On Tuesday, the Sonoma County Board of Supervisors unanimously passed an ordinance creating a plan designed to protect both vineyard frost protection measures and endangered species in the Russian River. After nearly a year of negotiations, the Board added Section 11B to the County Code, creating a registration program for grapegrowers and plan to assess water use practices for frost protection by utilizing over 100 gauges placed throughout the watershed. Information on usage will be presented to the Board on a yearly basis and will be used to potentially mitigate effects of diversions on a real-time basis.
The move to create a program started when Federal officials informed the California State Water Resources Control Board (State Board) that overuse of water from the Russian River and its tributary, Felta Creek, for frost protection was negatively impacting endangered Coho and Chinook salmon and steelhead smelt. Officials from the National Oceanic and Atmospheric Administration stated that continued overuse and endangerment could result in a ‘take’ under Section 9(a)(1) of the Federal Endangered Species Act, subjecting those responsible to fines and penalties.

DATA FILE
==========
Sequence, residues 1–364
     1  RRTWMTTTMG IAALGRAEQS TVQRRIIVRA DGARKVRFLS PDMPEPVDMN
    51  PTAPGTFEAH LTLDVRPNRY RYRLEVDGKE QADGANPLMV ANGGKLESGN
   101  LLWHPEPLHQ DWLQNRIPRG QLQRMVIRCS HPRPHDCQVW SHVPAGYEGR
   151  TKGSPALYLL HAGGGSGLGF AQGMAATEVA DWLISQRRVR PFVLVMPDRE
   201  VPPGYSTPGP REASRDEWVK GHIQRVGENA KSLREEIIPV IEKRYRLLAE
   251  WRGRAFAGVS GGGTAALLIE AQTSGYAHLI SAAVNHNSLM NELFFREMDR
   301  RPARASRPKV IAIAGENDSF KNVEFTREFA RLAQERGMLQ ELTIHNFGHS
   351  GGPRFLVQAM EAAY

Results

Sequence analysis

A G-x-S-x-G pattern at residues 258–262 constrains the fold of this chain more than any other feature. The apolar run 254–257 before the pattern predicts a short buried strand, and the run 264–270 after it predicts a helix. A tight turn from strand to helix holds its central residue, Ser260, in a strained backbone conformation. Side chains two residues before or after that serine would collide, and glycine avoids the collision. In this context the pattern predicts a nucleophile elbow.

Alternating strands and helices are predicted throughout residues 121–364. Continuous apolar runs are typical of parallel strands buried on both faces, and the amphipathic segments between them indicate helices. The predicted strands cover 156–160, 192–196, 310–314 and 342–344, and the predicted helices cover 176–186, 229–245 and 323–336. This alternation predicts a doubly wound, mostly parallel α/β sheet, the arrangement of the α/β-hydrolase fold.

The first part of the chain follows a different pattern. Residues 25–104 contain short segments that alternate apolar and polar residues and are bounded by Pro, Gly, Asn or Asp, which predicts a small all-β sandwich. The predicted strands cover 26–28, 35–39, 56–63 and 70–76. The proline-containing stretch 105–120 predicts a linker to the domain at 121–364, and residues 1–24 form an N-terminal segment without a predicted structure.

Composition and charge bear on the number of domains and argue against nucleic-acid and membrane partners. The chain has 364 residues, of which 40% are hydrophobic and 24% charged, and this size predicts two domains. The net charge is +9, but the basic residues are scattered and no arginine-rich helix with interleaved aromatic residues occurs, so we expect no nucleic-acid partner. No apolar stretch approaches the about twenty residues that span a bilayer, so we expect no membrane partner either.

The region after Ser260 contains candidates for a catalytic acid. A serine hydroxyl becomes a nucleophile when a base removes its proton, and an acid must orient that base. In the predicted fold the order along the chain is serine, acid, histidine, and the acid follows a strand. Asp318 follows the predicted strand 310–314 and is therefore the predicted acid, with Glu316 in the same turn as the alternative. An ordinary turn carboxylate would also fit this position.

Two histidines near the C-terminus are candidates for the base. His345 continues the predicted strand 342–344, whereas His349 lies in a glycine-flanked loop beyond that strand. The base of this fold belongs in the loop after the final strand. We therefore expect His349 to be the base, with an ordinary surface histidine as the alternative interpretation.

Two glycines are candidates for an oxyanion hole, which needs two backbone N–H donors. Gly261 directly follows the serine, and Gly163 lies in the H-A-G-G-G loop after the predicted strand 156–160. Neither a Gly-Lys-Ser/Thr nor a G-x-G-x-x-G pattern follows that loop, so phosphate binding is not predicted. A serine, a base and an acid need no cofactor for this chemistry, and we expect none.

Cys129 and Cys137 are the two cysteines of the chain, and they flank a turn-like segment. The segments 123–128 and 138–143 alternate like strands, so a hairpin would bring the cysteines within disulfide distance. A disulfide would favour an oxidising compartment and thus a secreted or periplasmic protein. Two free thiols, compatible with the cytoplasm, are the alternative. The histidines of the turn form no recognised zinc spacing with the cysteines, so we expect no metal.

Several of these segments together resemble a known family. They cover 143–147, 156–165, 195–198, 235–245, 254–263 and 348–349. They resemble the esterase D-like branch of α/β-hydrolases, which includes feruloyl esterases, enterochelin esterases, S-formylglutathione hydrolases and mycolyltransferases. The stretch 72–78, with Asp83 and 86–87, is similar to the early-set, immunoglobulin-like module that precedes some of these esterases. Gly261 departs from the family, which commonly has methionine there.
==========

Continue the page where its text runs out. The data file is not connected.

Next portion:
The adopted program will be supervised by Sonoma County and includes a scientific review panel. The ordinance provides that the gauges will be overseen by an entity comprised of members of the grapegrowing community. The State Board had rejected an earlier proposal by grapegrowers to voluntarily adopt preventative measures, demanding there be some method to “…kick out bad actors.” On October 27, 2010, the State Board published a Notice of Preparation of an Environmental Impact Report (EIR) and Public Scoping Meeting for their own proposed regulations applicable to the grapegrowers diverting from the Russian River watershed. The State’s plan would cover water diverted for frost protection from the Russian River in Sonoma and Mendocino Counties and hydraulically connected groundwater.
Section 11B creates a mandatory registration program for all Sonoma county grapegrowers. Growers will be required to register with the County Agricultural Commissioner starting in mid-January, 2011 and running through March 1, 2011. Failure to comply could subject violators to fines ranging from $500-$1,000. The Board of Supervisors will vote on a fee schedule for the program in January.